5 Awesome Tips to Troubleshoot vMotion

 

 

 

 

In Why IT Admins Adore vMotion, I described the main types of vSphere live migrations; vMotion, Storage vMotion and Enhanced vMotion. In this post, I’ll go over 5 tips to help you troubleshoot vMotion issues on the fly.

 

How does vMotion work?


A vMotion event can be initiated by a user, by vCenter Server itself or via an API call. There are 8 stages to a vMotion event as illustrated in Fig. 1.

Figure 1 - A vMotion task lifecycle

Figure 1 – A vMotion task lifecycle

 

Although the above steps are self-explanatory, there’s much more going under the hood. Let’s just say that vMotion is a marvelous piece of engineering. Here’s a video by VMware explaining vMotion and how to use it.

 

How to fix and prevent vMotion issues


If your environment is not adequately prepared for vMotion, you could come across issues at any stage of a vMotion task. To being with, revisit the requirements and make sure your environment is compliant

This KB article provides a complete list. I picked a salient few as described next.

 

1 – Is the vMotion VMkernel option enabled?

Every vMotion capable host must by definition have the vMotion option enabled for at least one VMkernel adapter otherwise a VM will simply fail to migrate to any host where the option has not been enabled.

In the following example (Fig. 3), I disabled vMotion from the VMkernel on one of my hosts. If I try to migrate a VM to this host, the vMotion task immediately fails.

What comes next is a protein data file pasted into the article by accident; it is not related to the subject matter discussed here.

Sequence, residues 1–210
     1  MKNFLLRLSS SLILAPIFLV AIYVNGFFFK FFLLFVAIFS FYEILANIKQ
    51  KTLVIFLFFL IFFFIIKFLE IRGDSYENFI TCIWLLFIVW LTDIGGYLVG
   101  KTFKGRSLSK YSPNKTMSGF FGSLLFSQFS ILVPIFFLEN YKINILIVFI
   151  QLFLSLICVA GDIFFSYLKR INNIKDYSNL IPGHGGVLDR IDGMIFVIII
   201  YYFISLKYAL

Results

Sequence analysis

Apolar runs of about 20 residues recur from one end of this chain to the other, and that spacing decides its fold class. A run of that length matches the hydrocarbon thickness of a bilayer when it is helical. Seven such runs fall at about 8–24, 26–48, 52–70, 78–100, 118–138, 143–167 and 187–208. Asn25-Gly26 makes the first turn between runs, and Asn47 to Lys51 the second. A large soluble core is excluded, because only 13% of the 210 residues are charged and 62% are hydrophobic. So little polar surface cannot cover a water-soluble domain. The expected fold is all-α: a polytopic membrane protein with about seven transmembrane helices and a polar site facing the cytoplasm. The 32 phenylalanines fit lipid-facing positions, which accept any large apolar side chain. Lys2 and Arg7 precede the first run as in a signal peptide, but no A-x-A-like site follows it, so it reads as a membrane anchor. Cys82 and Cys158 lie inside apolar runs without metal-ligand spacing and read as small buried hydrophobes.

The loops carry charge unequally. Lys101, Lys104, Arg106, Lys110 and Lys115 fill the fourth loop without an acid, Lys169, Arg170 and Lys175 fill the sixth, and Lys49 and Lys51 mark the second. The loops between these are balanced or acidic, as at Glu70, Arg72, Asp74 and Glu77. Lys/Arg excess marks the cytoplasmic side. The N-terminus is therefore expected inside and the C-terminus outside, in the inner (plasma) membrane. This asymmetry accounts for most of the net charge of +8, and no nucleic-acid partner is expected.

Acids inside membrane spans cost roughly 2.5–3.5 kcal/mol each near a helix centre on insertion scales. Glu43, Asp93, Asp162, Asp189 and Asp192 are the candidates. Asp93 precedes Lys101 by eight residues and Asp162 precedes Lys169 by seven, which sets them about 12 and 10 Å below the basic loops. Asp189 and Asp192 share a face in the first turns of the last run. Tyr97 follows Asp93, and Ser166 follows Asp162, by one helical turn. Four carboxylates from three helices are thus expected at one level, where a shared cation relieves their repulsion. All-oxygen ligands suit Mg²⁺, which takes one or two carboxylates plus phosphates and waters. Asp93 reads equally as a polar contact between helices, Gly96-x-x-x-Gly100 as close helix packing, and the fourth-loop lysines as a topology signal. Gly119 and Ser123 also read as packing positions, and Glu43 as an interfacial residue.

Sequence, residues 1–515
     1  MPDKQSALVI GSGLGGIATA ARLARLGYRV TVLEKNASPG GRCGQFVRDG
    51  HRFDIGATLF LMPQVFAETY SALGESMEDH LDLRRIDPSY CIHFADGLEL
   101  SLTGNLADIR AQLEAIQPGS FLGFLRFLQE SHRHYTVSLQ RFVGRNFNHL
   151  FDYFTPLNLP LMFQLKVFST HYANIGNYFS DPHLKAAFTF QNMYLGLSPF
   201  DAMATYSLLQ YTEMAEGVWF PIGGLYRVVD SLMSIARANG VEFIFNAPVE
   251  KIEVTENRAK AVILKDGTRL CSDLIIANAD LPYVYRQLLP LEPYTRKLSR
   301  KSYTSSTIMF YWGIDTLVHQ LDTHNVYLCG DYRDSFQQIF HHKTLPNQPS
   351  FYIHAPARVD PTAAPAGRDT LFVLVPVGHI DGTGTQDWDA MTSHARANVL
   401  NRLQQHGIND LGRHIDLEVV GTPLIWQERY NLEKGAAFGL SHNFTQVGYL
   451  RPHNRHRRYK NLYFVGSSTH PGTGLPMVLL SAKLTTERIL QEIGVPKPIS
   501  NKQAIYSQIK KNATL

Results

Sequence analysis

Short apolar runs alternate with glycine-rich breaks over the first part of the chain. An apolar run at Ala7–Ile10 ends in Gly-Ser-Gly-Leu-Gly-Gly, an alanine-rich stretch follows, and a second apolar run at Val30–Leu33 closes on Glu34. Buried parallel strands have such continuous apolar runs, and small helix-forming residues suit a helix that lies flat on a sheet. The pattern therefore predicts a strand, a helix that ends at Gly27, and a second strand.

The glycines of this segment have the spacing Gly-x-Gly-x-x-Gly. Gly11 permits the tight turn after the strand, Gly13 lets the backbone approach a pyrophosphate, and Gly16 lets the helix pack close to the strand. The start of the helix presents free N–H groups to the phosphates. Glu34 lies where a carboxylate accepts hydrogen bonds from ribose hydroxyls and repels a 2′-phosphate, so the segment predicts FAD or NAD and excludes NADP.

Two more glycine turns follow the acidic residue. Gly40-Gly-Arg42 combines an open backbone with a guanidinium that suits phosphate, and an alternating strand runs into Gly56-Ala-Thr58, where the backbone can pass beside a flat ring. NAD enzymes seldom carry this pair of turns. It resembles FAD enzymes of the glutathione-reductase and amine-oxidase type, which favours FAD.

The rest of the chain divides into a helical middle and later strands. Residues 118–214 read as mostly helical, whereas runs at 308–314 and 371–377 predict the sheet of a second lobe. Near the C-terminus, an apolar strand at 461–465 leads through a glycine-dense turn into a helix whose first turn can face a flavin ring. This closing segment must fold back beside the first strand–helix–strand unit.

Figure 2 - The error returned when a VM is migrated to a host not set up for vMotion

Figure 2 – The error returned when a VM is migrated to a host that is not set up for vMotion

 

Of course, this is just for illustrative purposes but given large environments, you can easily overlook enabling the setting on one or more hosts unless you’re automating or monitoring the process.

vMotion troubleshoot

Figure 3 – Enabling the vMotion option on a VMkernel adapter

 

2 – Check your advanced settings

Another common error you might come across is the infamous vMotion fails at 10% (1013150). Although you’re more likely to see this on older versions of ESXi / vCenter Server, I did come across it a couple of times when using vSphere 6.5. Regardless, if you’re experiencing vMotioning issues, make sure that the migrate.enabled advanced setting is set to 1 on all ESXi hosts.

Backup software will sometimes set this value to 0 (disabled) to ensure that backup jobs complete successfully by preventing a VM that is being backed up from vMotioning to another host. As it sometimes happens, an unplanned network or storage outage may prevent the Backup software from rolling the setting back to its original value leaving the VM in vMotion limbo.

Figure 4 - Ensuring the migrate.enabled advanced setting is set to 1

Figure 4 – Ensuring the migrate.enabled advanced setting is set to 1

 

3 – Run network diagnostics at the VMkernel level

VMkernel network connectivity can be another problem area resulting in timeouts or outright failed migrations. When testing network connectivity between hosts, you will want to test from a VMkernel perspective more so if your hosts are running multiple VMkernel adapters.

There are a couple of ESXi shell commands that help you do this. These are vmkping and nc. Vmkping uses a VMkernel’s TCP/IP stack to send ICMP traffic to a destination host as opposed to using the host’s physical interface TCP/IP stack which is something a normal ping utility would do.

In my environment, I’ve set all my hosts to use vmk0 for vMotion. As per the next example, I am verifying that host 192.168.16.69 is reachable from all the VMkernels adapters on the ESXi host where I’m running the command from. The -I parameter is used to tell vmkping which VMkernel should be used to test network connectivity.